Placebo were a sure thing, huge potential stars in Indie when they emerged last year, but nothing prepares you for their debut album, a quality sparkler beyond all hopes. Songs are full of lightning energy, focus and charisma - just like frontman Brian Molko. He's the American with the male superwaif sexiness and sharpest pop lyrics since Kurt Cobain. The words to "Teen Angst", for instance, lacerate the heart with their intense imagery. "I don't really write about anything I haven't experienced, or is at least second hand from what friends have told me," explains Brian. "It's semi autobiographical, sort of saying check yourself before you wreck yourself."

Double exposure

Jeremy Hardy and Jack Dee, both successful solo comics, have decided that two heads are better than one and joined forces. James Rampton reports

John Lyttle on film

She was the last blonde. Sure, there have been blondes since: Hawn, Stone, Pfeiffer are bleach babies deluxe. But they aren't Marilyn Monroe.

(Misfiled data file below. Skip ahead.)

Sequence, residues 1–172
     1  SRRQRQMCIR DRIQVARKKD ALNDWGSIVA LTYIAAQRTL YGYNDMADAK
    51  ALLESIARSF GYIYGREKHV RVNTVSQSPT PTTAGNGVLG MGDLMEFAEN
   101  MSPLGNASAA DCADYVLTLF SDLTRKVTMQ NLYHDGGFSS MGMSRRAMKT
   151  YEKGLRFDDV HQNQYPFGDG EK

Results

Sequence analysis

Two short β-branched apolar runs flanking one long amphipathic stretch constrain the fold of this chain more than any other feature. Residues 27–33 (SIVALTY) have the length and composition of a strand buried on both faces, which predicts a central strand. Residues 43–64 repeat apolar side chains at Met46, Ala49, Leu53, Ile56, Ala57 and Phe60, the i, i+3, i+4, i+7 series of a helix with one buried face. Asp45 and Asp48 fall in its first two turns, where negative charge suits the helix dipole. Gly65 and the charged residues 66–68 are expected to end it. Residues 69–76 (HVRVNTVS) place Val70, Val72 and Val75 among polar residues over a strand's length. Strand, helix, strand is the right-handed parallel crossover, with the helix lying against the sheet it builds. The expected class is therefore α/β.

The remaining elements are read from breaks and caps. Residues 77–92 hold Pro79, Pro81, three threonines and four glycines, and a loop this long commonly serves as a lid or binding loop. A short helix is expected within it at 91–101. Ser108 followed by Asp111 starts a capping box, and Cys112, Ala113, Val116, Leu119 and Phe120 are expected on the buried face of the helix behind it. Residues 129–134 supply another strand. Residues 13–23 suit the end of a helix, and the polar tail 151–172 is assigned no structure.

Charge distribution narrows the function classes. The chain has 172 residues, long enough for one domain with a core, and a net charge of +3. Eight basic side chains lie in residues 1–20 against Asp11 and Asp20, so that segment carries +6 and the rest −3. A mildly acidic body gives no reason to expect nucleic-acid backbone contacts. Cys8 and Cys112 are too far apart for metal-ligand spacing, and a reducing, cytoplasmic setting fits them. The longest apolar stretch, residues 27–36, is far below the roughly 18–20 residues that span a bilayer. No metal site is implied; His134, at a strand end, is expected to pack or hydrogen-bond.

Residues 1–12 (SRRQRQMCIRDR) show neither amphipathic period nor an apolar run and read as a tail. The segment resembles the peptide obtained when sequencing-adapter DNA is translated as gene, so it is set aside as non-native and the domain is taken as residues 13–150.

David Benedict on theatre


On the box

A Manchester GP earlier this week was warning that excessive viewing of sport on TV this summer might lead to an epidemic of a condition to which there is no known cure: mad couch disease. It seems that some viewers may be afflicted by it already - if the BBC2 viewing figues for the week ending 5 May are anything to go by. Viewers were keeping that pizza-delivery man busy and hunkering down on the sofa in front of the San Marino Grand Prix (5.04m viewers), the World Snooker championships (4.86m), and the Badminton Horse Trials (3.29m) - all of which made the channel's Top 10 that week. And that's long before the mid-summer madness of Euro 96, Test cricket, Wimbledon and the Olympics ...